"When I get up on stage scream and yell and deliver … I feel everybody wants to do that.
"At that moment, I’m speaking for all of us."
The singer says he recognises himself in the fan in the front row shouting every word of every song.
"There is something about that one kid who got there early, got his tickets first, and ran up to the barricade and waited all day to scream as if they were in the band.
"I remember being in that place, looking up at my heroes. There is nothing better than being that for somebody."
Linkin Park’s Mike Shinoda on the Band’s ‘Personal’ New Album
Linkin Park’s fifth studio album, Living Things, came as something of a surprise to the band. “It wasn’t like we said, ‘Hey, let’s make a personal record,’” the band’s Mike Shinoda tells Rolling Stone. “It’s more like we just started recording and these were the things that started showing up. It became obvious to us that it is the kind of record we need at this moment, that we wanted to get that stuff out.”
Living Things, which was co-produced by Rick Rubin and Shinoda and is due out on June 26th, couples its introspection with broader interests; the band made a video art installation for the LP’s first single, “I’ll Be Gone,” that dabbles in astronomy. “The visuals for ‘I’ll Be Gone’ stuck out to me because that song is a relationship-based song, but it’s also got a second read of a space theme,” Shinoda says. “A lot of the songs have metaphors, and one of the metaphors in that song is space. [The visual artists] picked up on that language and turned it into this weird, intergalactic space travel thing.”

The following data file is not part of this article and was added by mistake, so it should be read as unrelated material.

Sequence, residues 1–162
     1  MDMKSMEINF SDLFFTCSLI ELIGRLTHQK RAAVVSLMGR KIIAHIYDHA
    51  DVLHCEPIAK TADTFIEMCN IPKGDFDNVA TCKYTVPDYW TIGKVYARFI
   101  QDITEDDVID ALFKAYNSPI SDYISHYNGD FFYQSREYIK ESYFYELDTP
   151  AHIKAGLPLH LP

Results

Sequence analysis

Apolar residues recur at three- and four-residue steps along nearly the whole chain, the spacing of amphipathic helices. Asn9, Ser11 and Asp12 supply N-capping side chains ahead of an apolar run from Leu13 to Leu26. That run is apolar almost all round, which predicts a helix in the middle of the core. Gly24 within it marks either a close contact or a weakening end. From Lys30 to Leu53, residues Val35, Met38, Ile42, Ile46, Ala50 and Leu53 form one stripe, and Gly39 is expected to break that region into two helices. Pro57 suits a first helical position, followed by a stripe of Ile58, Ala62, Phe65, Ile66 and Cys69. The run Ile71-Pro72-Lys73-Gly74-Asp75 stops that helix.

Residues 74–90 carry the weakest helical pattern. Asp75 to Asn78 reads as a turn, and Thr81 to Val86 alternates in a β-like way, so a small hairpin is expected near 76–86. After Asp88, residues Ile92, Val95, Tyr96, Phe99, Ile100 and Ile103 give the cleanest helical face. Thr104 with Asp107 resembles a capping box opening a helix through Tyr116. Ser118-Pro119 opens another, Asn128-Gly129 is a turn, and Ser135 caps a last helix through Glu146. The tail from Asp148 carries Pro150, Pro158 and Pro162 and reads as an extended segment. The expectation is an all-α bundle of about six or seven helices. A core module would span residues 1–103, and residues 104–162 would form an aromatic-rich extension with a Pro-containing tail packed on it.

In the days leading up to the album’s launch, the band is keeping a busy schedule. “We haven’t had this kind of a rigorous release since [2003's] Meteora,” Shinoda recalls of the group’s second album. “We really dug in and spread ourselves out.” As part of that build-up, the group held an intimate listening, art show and Q&A at Sonos Studios in Los Angeles earlier this week. The assembled friends and fans were treated to a visual presentation of the album, with each of the record’s 12 tracks accompanied by a video. There was footage of the band performing live in “Burn It Down,” a lightning storm cutting the sky in “Until It Breaks,” flames illuminating a black screen for “Castles of Glass” and skulls rotating in “Skin to Bone. The elaborate footage will be used in the band’s next tour.
“A lot of the stuff is part of the album experience. I know that it’s going to be showing up in the live show,” Shinoda explains. “If you go online and look at the lyric videos for ‘Burn It Down’ and ‘Lies Greed Misery,’ you’ll see some of that imagery there. We use it in many different ways.”
After the 40-minute presentation, Shinoda explained to Q&A host Jason Bentley of KCRW that the art show was partially inspired by the communal listening experiences of his childhood. He reminisced about going to the record stores on Tuesdays, buying new albums and listening to Wu-Tang Clan and Alice in Chains in cars with his friends. The discussion also included a guest appearance from Rubin.
Despite the grand visuals, Shinoda insists that the core of Living Things is sincere. “Any time you hear a song that’s about me and you, it’s always coming from a personal story and an honest place.”